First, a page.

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SHEAR STRENGTH OF SLAB

Shear is generally not critical when slabs carry distributed loads or line loads and are
supported by beams or walls, because in such cases the maximum shear force per unit length
of slab is relatively small. However, shear can be critical in slabs in the vicinity of
concentrated load, because the maximum shear force per unit length of slab is relatively high
around such loads. Concentrated loads can be applied to slabs by the transfer of forces: (1)
from slab to columns in flat plate and flat slab floors, (2) from columns to footings, and (3)
from applied loads such as wheel loads.
In many cases the shear stresses in slabs around concentrated loads can be more
critical than the flexural stresses, and shear then governs the design. This is particularly true
of slab-column connections in flat plate and flat slab floors where the size of the column, or
column capital, and the slab thickness, maybe governed by the magnitude of the shear force
to be transferred. The shear strength of slabs (or footings) in the vicinity of concentrated
loads is governed by the more severe of two conditions, either beam action or two-way
action.

Beam Action:

In beam action the slab fails as a wide beam with the critical section for shear extending
along a section in a plane across the entire width of the slab (or footing). In this case the slab
should be treated as a wide beam and the shear strength equations for beams of the ACI 318-
1977 apply. It is to be noted that the Code assumes that the critical section for shear in beam
action is located at d from the face of the column or applied load (or from the face of a line
load or supporting beam or wall), where d is the distance from the extreme compression fiber
to the centroid of the longitudinal tension reinforcement. In fact, the critical section passes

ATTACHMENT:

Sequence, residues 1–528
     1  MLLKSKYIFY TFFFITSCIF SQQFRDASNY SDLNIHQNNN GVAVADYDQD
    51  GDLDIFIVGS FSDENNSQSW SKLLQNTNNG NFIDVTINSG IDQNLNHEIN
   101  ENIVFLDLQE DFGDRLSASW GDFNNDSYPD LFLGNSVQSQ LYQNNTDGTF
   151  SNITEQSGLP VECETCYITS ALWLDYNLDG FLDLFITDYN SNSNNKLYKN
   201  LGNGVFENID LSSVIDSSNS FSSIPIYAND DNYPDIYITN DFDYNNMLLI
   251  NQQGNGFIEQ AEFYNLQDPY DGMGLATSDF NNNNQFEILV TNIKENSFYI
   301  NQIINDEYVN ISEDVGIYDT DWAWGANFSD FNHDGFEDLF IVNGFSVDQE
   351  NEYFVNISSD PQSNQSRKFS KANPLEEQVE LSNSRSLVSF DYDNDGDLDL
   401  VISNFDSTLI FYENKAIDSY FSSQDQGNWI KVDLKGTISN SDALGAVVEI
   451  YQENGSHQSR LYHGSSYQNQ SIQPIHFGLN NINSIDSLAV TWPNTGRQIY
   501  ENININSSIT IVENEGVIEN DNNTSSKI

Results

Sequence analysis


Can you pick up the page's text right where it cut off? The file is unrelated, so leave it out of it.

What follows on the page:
through the critical diagonal tension crack across which failure is considered to occur.
Therefore, for this type of shear failure conventional theory for beam shear applies
Two-Way Action:

In two-way action the slab fails in a local area around concentrated load. The critical section
extends around the concentrated load or column. A "punching shear" failure occurs along a
truncated cone or pyramid caused by the critical diagonal tension crack around the
concentrated load or column. In this case conventional theory for beam shear does not apply.
The ACI 318-19771 assumes that the critical section is located at d/2 from the perimeter of
the column, or column capital, or applied load. It is to be noted that the once-held concept of
the column (or applied load) being pushed through the slab as in Fig. 10.1a is incorrect. The
critical section assumed in recent ACI codes, and the cracks that occur in the concrete in
actual failure mode, are shown in Fig. 10.

Figure 10.1 Punching shear failure of reinforced concrete slab-column connection with axial
column load, (a) Shear failure at column face (misconception—does not occur). (b) Assumed
critical section and actual failure mode.

Shear failure at slab-column connections can have disastrous consequences, as has


been clearly demonstrated by some flat plate structures that have failed during construction.
Shear failure at a slab-column connection can result in progressive failures of adjacent
connections of the same floor, as the load is transferred elsewhere, causing the adjacent
connections to become more heavily loaded. Also, the lower floors may fail progressively as
they become unable to support the impact of material dropping from above. Hence, caution is
clearly needed in shear strength calculations and attention should be given to the low ductility
associated with shear strength in order to avoid brittle failure conditions if possible.
Existing design procedures for shear strength, as recommended in the 1977 ACI 318 are based
primarily on the results of slab-column tests. The actual behavior of the failure region of the cracked
slab is extremely complex, primarily because of the combined flexural and diagonal tension cracking
and the three-dimensional nature of the problem. The design provisions used are of necessity derived
from empirical simplifications of the real behavior.